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Some Basic Concepts Of Chemistry
Chemistry is defined as that branch of science which deals with the study of composition, structure and properties of matter and the transformations which the matter undergoes under different conditions and the laws which govern these changes.
A matter is defined as anything that occupies space, possesses mass and the presence of which can be felt by any one or more of our five senses. A matter is classified into three types: Solid, liquid and gas. A solid is composed of matter where the particles have strong attractive forces, are close together and have fixed positions. Solids have a definite shape and a definite volume. A liquid is composed of matter where the particles are close together but have weak attractive forces so that, they are able to move past one another therefore, liquids have a definite volume but no definite shape. A gas is made up of atoms or molecules with large interparticle distances, which move independently in all directions in random motion. Gases neither have definite volume nor definite shape.
A matter is classified as pure substances and mixtures. Pure substances are either elements or compounds and are always homogeneous in composition. Mixture always contains two or more substances which may be either homogeneous or heterogeneous.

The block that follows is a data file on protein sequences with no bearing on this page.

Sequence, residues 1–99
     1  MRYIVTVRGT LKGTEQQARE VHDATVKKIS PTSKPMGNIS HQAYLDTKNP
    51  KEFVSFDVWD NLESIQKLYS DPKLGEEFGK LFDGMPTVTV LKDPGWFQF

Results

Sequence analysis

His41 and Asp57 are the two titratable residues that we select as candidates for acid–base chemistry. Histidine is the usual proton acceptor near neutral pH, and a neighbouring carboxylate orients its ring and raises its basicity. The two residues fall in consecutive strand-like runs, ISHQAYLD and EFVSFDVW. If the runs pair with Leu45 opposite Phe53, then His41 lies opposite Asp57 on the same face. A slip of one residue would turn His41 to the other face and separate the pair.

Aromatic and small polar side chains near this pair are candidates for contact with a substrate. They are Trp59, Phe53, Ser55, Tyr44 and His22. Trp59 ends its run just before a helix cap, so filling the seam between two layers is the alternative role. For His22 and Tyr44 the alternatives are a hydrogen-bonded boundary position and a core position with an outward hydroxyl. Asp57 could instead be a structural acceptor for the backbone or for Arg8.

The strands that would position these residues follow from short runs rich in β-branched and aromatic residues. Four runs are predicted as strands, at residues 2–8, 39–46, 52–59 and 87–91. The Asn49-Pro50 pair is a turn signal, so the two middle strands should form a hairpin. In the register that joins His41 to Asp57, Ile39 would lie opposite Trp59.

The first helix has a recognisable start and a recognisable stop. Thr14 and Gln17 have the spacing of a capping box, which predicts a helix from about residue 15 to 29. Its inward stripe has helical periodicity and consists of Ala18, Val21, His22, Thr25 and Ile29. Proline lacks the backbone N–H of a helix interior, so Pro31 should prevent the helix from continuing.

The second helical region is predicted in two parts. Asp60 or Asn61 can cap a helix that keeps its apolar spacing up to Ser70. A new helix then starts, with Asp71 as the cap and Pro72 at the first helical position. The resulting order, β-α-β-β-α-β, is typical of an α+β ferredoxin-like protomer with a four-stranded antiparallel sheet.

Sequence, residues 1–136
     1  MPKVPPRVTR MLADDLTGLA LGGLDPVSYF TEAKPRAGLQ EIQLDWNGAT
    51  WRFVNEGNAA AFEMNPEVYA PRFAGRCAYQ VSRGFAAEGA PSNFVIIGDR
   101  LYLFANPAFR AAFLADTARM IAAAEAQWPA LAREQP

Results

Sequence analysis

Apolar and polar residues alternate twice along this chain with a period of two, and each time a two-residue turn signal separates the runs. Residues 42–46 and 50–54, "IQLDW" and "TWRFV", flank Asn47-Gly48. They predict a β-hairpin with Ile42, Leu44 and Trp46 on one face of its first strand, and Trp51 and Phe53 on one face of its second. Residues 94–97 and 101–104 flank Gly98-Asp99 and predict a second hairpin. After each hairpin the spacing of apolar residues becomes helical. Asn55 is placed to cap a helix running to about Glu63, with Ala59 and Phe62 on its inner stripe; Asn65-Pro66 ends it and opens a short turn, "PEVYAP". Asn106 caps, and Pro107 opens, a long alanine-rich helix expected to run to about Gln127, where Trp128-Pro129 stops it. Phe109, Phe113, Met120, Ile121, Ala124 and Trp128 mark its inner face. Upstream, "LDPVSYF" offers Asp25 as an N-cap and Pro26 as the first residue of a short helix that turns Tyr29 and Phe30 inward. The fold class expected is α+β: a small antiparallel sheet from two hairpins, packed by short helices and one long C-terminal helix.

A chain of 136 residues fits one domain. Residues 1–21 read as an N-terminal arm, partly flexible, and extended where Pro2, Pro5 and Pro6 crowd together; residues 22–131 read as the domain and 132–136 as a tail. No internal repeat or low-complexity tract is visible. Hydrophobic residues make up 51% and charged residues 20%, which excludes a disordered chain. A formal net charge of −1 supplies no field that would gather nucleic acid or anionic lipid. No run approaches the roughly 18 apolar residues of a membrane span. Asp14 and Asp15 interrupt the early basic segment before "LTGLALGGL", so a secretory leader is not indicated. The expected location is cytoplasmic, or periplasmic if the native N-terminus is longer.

- A homogeneous mixture has a uniform composition, appearance old properties throughout as the components completely mix with each other.
- A heterogeneous mixture has two or more physically distinct phases and the composition is not uniform throughout.
Physical properties are those which can be measured or observed without changing the identity or composition of the substance, e.g., mass, melting point, boding point and density, etc. Many physical properties of the substance are quantitative in nature.
Chemical properties are those in which a chemical change in the substances occurs, e.g., acidity or basicity, combustibility, etc.
International System of Units
The International System (SI, In French Systeme Internationale) is a decimal system of a unit for measurement of mass, length, time (fundamental units) and other physical quantities (desired units).
Mass and Weight
The mass is the amount of matter present in a substance and is measured very accurately in the laboratory by using an analytical balance. The SI unit of mass is kilogram. The weight of a substance is the force exerted by gravity on an object.
A density of a substance is its amount of mass per unit volume. Its SI unit is kg.
The SI unit of temperature is K (Kelvin). It is also measured in 0C (degree Celsius) and 0F (degree Fahrenheit).
0F =9/5(0C) + 32
K = °C + 273.15
Uncertainty in Measurement
Measurement is the quantity, dimensions or extent of something, usually in comparison to a specific unit. A unit is a fixed quantity chosen as the standard of measurement. All measurements show some amount of uncertainty and are indicated by the number of significant figures in the measurement. The accuracy of any such measurement depends upon (i) the accuracy of the measuring device used, and (ii) the skill of its operator.